The EEOC’s Responses to COVID-19, and How It Could Affect Your Organization

During the Coronavirus health crisis, we, at the Wiley Law Office, have discussed everything from employer leave responsibilities to steps employers can take to protect employee health in the workplace.  One thing we have not spent much time on is the EEOC’s guidance and advisories on employer conduct during the pandemic.

The EEOC has issued guidance on several occasions regarding employer conduct during the pandemic.  It is clear that despite the changes in the normal workplace across the world, the EEOC will still be enforcing its regulations in the same way it did prior to the health crisis.  However, the EEOC has stated it will do its part in not interfering with the guidelines and suggestions made by public health authorities.

Below are some highlights of the guidance provided by the EEOC in the past few weeks:

  • Employers may ask employees who call in sick if they are experiencing symptoms of COVID-19.
  • Employers must maintain all information about the employee illness as a confidential medical record in compliance with the ADA (separate file in lockable storage device). Employers may used already-existing medical files to store this information.
  • Employers may ask employees entering the workplace if they are experiencing any of the symptoms associated with COVID-19.
  • The EEOC considers measuring and employee’s body temperature to be a medical examination, but has granted a reprieve from the restrictions due to the dangers of the virus spreading. This does not hold true for all state laws that may restrict such testing, and there has been no guidance from the MDHR in this area as of yet.
  • Employers may administer COVID-19 tests to their employees entering the workplace because an individual with the virus will pose a direct threat to the health of others. Again, this is a federal guideline, and has not been adopted by all states that may place restrictions on employee health examinations.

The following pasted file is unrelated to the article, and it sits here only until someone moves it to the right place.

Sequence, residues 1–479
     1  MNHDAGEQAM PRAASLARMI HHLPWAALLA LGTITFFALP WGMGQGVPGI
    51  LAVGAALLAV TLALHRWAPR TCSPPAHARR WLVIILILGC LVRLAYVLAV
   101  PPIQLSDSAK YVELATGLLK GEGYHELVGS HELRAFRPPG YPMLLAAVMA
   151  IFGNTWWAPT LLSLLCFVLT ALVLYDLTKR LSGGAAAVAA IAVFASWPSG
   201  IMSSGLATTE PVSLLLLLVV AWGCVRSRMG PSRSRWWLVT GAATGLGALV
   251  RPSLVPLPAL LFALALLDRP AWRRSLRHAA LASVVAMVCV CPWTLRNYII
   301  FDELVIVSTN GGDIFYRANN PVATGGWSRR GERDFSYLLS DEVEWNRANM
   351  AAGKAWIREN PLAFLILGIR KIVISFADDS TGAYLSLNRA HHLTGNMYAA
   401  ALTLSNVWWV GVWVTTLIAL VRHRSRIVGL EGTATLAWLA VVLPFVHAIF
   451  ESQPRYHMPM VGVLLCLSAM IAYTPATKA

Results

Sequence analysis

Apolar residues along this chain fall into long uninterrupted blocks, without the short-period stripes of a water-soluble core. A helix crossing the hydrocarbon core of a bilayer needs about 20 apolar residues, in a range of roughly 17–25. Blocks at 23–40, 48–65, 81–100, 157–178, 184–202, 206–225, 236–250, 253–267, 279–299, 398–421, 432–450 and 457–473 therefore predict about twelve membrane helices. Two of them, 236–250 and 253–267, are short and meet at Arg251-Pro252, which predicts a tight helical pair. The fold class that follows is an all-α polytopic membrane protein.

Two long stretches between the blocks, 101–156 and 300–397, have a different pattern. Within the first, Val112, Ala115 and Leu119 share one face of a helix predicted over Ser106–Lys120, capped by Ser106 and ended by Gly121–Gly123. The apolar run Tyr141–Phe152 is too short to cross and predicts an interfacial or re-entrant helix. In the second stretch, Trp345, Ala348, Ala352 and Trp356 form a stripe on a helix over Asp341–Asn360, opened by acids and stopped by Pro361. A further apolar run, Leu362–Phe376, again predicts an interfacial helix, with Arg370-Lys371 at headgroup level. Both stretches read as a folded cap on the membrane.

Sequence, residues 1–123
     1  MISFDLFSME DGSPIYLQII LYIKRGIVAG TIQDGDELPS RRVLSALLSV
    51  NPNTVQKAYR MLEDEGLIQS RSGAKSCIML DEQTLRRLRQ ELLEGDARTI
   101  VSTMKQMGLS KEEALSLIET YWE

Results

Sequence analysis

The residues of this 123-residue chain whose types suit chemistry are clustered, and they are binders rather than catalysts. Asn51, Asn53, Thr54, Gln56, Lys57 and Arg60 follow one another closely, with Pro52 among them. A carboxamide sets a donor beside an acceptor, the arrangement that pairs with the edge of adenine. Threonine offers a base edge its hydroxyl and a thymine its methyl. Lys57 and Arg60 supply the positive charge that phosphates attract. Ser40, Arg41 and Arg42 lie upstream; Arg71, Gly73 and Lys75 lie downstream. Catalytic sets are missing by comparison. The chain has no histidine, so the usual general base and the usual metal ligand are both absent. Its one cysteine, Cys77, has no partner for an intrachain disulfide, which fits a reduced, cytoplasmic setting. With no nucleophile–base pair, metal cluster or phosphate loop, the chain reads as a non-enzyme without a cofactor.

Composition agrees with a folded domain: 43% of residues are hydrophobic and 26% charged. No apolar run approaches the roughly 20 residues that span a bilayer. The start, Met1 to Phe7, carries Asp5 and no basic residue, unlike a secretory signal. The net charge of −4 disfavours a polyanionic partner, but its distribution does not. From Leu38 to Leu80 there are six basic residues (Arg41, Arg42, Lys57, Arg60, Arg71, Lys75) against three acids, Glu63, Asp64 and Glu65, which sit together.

• Employers may delay the start date for employees who has COVID-19 or symptoms associated with the virus.
  • Employers may not delay the start date of individuals who are either above the age of 65 or pregnant under the premise that those individuals are at higher risk from COVID-19.
  • There may be reasonable accommodation for individuals whose disabilities put them at greater risk from COVID-19, such as reduced contact with others due to disability. However, excusing the employee from work altogether is not being considered a reasonable accommodation.
  • Employers are expected to go through the accommodation process with employees who seek accommodation for mental conditions exacerbated by the pandemic, though not related to the contraction of the disease. Employers should be open to accommodation for those employees that does not cause undue hardship.
  • Employers should give high priority to discussing requests for reasonable accommodations that are needed while teleworking. Employers can still engage in the interactive process with employees and request medical documentation.  Employers may, however, provide temporary accommodations that are only effective during the pandemic, and readdress the requests after government limitations are removed.
  • Just because someone is a “critical infrastructure worker” or “essential critical worker,” does not mean the ADA, Rehabilitation Act, or any other employment protections under Title VII do not exist for those employees.
  • Employers should communicate to their workforce that fear of the pandemic should not be directed against individuals due to their race, national origin, or other protected class status.
  • Employers should follow EEOC guidelines when agreeing to severance packages that include agreements not to sue under discrimination laws.
  • Sexual harassment claims against spouses working in the same domicile together will not be considered by the EEOC if the spouses are working for different employers (just kidding).

The workplace for most Americans has changed greatly since the outbreak of COVID-19, but discrimination laws remain the same.  Employers should carefully and swiftly respond to complaints of discrimination and requests for accommodation.  On Wednesday, April 22, Governor Walz issued an executive order providing administrative flexibility for the Minnesota Department of Human Rights, allowing for the extension of timelines for investigation (but no guidance on medical examinations).  If you, or your organization, are in need of assistance with adherence to federal or state guidelines and regulations, or responding to accommodation requests, contact the Wiley Law Office, for advice that works.